People with schizophrenia have documented evidence of abnormal prefrontal cortex (PFC) mediated cognitive control. A group of healthy people exist who manifest neither signs nor symptoms of schizophrenia but who nevertheless show impaired cognitive control. In this healthy group, both task performance and brain activities are like those observed in people schizophrenia. Yet, schizophrenia is a unique disorder that must be caused by neural deviations differentiable from those solely associated with manifestations of poor PFC-mediated cognitive control. This project will demonstrate that nonspecific neural noise (as a function of cognitive control requirements) accentuates and characterizes the behavioral and neural manifestations of poor cognitive control in schizophrenia. Long-term Goals: This work will show that cognitive control abnormalities resulting in similar behavioral manifestations have different neural etiologies. It will link seemingly disparate behavioral and brain activity deviations for a unified theory of schizophrenia, thus providing a template for translational studies of the illness.
Specific Aims : This project will address 4 critical issues for understanding associations between neural noise, cognitive control, regulation of sensory systems, and behavioral performance in schizophrenia: (i) excess (nonspecific) neural noise as a primary neurophysiological deviation;(ii) PFC activation and PFC-mediated modulation of sensory processing as a function of cognitive control requirements;(iii) regulation of sensory input to support visual attention and perceptual target detection as a function of stimulus density;and (iv) specificity of deviations in (i)-(iii) to schizophrenia. Methods: During visual tasks, eye movements will be recorded using EOG and neural activity data will be collected with combined MEG (143 channel) / EEG (64 sensor) equipment designed for simultaneous measurements. Combining EEG/MEG yields the best spatial accuracy and temporal certainty for solving source localization problems given their shared and unique sensitivities to brain activities because they act synergistically to improve source localizations. The advantages of combining imaging technologies like EEG/MEG to solve source localization problems has been known for some time but it is still an uncommon practice, although we have demonstrated our ability to perform combined EEG/MEG source localizations using saccade tasks (McDowell et al., 2005). This research will have important implications for understanding the neural bases of cognitive control problems inherent to schizophrenia and how those differ from comparison populations. We also aim to develop a more coherent understanding of the role of PFC problems in schizophrenia, which would guide translational research and inform strategies for developing rehabilitation and treatment techniques.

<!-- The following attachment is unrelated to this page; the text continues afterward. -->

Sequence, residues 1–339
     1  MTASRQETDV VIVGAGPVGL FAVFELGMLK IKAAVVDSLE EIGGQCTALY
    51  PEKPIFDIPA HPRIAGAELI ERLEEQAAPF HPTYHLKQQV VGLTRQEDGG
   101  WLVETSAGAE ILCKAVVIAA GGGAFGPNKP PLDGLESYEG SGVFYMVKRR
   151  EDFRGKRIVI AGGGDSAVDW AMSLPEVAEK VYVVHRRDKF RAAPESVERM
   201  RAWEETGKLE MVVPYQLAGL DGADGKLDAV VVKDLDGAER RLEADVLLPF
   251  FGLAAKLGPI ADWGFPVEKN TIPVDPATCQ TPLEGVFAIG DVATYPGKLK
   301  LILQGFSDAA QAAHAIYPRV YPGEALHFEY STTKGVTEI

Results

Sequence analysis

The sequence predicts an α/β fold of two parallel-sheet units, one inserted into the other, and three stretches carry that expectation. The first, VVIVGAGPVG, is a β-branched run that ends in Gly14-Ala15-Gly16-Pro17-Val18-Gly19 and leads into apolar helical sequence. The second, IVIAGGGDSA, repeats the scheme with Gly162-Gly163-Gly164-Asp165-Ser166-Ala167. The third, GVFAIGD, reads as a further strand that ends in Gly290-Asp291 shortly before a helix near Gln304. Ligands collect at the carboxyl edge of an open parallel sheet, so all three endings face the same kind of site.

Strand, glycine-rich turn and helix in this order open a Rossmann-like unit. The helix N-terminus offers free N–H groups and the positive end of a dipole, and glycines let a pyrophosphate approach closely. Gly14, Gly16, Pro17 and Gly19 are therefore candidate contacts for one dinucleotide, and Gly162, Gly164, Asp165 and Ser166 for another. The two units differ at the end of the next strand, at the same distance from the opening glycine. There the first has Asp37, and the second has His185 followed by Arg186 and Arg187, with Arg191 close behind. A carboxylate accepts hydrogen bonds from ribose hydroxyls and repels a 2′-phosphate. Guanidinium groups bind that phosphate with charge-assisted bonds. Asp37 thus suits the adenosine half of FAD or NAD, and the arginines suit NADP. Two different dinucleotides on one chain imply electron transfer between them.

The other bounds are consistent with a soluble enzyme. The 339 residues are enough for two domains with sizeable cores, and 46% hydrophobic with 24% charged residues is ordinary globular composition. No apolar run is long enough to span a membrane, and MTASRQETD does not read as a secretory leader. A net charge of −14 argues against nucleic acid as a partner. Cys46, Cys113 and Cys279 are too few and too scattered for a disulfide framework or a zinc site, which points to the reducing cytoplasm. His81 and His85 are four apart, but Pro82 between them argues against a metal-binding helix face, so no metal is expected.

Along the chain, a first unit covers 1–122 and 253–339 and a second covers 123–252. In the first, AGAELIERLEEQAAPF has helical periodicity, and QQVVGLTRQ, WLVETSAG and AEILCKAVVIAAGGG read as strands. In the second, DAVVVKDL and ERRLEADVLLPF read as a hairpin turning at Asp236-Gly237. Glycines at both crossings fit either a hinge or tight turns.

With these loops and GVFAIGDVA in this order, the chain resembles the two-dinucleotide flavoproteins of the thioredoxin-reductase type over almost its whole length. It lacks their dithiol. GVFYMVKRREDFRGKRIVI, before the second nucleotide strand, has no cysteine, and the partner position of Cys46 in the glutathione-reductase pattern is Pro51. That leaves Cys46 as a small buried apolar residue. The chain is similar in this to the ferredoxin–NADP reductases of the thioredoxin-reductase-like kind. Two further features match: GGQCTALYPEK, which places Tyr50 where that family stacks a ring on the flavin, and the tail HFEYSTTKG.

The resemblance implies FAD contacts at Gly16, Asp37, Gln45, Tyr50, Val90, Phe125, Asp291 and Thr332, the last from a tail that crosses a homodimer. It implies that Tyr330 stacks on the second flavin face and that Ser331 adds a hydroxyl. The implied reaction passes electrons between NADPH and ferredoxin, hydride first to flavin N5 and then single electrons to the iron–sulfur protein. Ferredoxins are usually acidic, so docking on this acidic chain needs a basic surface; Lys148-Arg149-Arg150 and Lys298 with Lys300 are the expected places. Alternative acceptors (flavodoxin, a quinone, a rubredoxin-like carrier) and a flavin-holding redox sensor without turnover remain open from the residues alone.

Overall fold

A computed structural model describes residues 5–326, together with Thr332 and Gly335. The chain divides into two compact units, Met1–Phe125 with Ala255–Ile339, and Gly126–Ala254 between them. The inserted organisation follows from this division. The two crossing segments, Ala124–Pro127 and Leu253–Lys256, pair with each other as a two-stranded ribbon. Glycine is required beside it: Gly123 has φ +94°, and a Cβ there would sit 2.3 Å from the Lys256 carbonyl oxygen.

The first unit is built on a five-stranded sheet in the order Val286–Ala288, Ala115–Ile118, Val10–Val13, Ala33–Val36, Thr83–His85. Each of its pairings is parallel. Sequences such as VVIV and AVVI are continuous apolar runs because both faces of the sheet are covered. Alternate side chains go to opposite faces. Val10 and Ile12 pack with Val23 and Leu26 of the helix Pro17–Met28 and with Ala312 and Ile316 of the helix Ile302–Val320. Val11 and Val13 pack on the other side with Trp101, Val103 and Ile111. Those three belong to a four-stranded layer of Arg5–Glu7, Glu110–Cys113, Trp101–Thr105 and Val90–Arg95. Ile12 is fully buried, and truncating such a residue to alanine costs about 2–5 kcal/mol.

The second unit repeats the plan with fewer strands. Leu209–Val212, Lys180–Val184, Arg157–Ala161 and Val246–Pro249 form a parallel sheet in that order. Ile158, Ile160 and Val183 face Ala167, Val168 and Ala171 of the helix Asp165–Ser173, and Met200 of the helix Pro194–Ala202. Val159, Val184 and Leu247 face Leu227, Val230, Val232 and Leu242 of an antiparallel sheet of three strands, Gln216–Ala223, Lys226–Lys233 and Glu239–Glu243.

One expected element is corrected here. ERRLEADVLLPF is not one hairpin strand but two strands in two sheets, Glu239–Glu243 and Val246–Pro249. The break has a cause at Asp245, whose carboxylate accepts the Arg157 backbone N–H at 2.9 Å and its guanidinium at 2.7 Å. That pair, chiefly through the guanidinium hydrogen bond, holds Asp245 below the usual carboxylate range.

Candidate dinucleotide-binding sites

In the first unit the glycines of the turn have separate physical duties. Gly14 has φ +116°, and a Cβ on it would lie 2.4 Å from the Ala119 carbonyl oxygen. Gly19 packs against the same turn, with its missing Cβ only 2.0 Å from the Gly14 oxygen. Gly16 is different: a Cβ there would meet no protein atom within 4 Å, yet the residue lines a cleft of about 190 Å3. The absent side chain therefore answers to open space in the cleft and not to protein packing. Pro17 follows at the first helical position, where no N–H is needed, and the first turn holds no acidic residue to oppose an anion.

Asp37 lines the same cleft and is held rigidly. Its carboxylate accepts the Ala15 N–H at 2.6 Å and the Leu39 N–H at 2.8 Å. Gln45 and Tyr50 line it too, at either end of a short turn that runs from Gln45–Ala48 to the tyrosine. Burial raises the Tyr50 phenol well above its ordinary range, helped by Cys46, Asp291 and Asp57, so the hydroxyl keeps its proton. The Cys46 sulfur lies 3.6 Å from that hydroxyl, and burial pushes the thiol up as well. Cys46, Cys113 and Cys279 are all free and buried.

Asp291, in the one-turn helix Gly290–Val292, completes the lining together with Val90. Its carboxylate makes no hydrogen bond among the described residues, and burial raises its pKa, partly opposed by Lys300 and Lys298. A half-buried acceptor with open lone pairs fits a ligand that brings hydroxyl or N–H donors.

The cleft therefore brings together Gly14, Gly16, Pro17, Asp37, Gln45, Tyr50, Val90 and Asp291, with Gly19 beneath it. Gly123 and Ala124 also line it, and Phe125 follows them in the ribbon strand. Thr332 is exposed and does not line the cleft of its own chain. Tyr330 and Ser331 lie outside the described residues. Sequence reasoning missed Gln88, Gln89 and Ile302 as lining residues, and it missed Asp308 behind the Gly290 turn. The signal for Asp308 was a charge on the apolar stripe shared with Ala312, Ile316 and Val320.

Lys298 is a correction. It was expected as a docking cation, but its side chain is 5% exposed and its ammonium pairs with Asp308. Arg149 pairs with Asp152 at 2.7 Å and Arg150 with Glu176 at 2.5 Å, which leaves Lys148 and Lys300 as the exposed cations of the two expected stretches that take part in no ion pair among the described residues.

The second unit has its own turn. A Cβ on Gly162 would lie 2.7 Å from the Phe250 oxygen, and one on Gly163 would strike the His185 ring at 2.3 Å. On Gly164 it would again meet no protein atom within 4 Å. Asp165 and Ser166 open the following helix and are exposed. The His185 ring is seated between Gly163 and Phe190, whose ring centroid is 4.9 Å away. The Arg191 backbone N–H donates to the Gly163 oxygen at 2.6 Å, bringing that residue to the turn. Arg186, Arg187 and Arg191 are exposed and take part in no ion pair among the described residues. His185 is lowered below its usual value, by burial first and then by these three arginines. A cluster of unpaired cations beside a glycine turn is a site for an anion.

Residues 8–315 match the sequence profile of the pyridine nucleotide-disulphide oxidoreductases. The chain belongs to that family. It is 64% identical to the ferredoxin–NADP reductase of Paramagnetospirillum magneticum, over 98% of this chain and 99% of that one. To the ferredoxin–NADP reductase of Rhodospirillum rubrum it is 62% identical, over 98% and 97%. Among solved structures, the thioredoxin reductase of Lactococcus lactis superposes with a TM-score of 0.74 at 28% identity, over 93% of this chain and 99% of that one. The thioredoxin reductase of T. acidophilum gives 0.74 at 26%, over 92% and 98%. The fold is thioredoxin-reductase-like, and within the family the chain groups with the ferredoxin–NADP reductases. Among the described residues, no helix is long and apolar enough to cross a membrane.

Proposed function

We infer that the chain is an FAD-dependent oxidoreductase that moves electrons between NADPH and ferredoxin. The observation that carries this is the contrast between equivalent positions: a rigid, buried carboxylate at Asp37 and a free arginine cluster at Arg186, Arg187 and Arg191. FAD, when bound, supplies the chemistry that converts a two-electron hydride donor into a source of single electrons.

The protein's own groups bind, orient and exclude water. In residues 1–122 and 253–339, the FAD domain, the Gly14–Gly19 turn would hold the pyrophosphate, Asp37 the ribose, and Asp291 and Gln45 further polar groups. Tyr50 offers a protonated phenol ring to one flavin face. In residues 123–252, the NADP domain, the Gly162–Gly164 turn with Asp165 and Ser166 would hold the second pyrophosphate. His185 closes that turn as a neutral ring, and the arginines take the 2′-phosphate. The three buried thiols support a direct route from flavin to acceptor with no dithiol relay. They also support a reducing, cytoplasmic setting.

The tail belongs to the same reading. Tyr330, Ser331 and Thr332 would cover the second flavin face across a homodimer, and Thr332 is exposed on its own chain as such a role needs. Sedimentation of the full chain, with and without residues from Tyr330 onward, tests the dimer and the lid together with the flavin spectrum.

Public Health Relevance

The research focuses on the behavioral and brain activity patterns associated with poor cognitive control observed among people with schizophrenia, and how that differs from healthy people who have poor cognitive control, without the signs and symptoms of the illness. It is hypothesized that an increase in baseline neural noise (analogous to the static heard in the background of a radio) is responsible for these problems in schizophrenia and that we will be able to measure and manipulate these levels by presenting visual stimuli and recording the resulting brain responses. Provision of evidence for the effect of increased neural noise in schizophrenia that is specific to the illness would provide a template for translational research on schizophrenia and facilitate research on rehabilitation and treatment of this disorder.

National Institute of Health (NIH)
National Institute of Mental Health (NIMH)
Research Project (R01)
Project #
Application #
Study Section
Special Emphasis Panel (ZRG1)
Program Officer
Meinecke, Douglas L
Project Start
Project End
Budget Start
Budget End
Support Year
Fiscal Year
Total Cost
Indirect Cost
University of Georgia
Schools of Arts and Sciences
United States
Zip Code
Hudgens-Haney, Matthew E; Ethridge, Lauren E; McDowell, Jennifer E et al. (2018) Psychosis subgroups differ in intrinsic neural activity but not task-specific processing. Schizophr Res 195:222-230
Rodrigue, Amanda L; Schaeffer, David J; Pierce, Jordan E et al. (2018) Evaluating the Specificity of Cognitive Control Deficits in Schizophrenia Using Antisaccades, Functional Magnetic Resonance Imaging, and Healthy Individuals With Poor Cognitive Control. Front Psychiatry 9:107
Hamm, Jordan P; Bobilev, Anastasia M; Hayrynen, Lauren K et al. (2015) Stimulus train duration but not attention moderates ?-band entrainment abnormalities in schizophrenia. Schizophr Res 165:97-102
Schaeffer, David J; Rodrigue, Amanda L; Burton, Courtney R et al. (2015) White matter structural integrity differs between people with schizophrenia and healthy groups as a function of cognitive control. Schizophr Res 169:62-68
Hamm, Jordan P; Ethridge, Lauren E; Shapiro, John R et al. (2013) Family history of psychosis moderates early auditory cortical response abnormalities in non-psychotic bipolar disorder. Bipolar Disord 15:774-86
Hamm, Jordan P; Dyckman, Kara A; McDowell, Jennifer E et al. (2012) Pre-cue fronto-occipital alpha phase and distributed cortical oscillations predict failures of cognitive control. J Neurosci 32:7034-41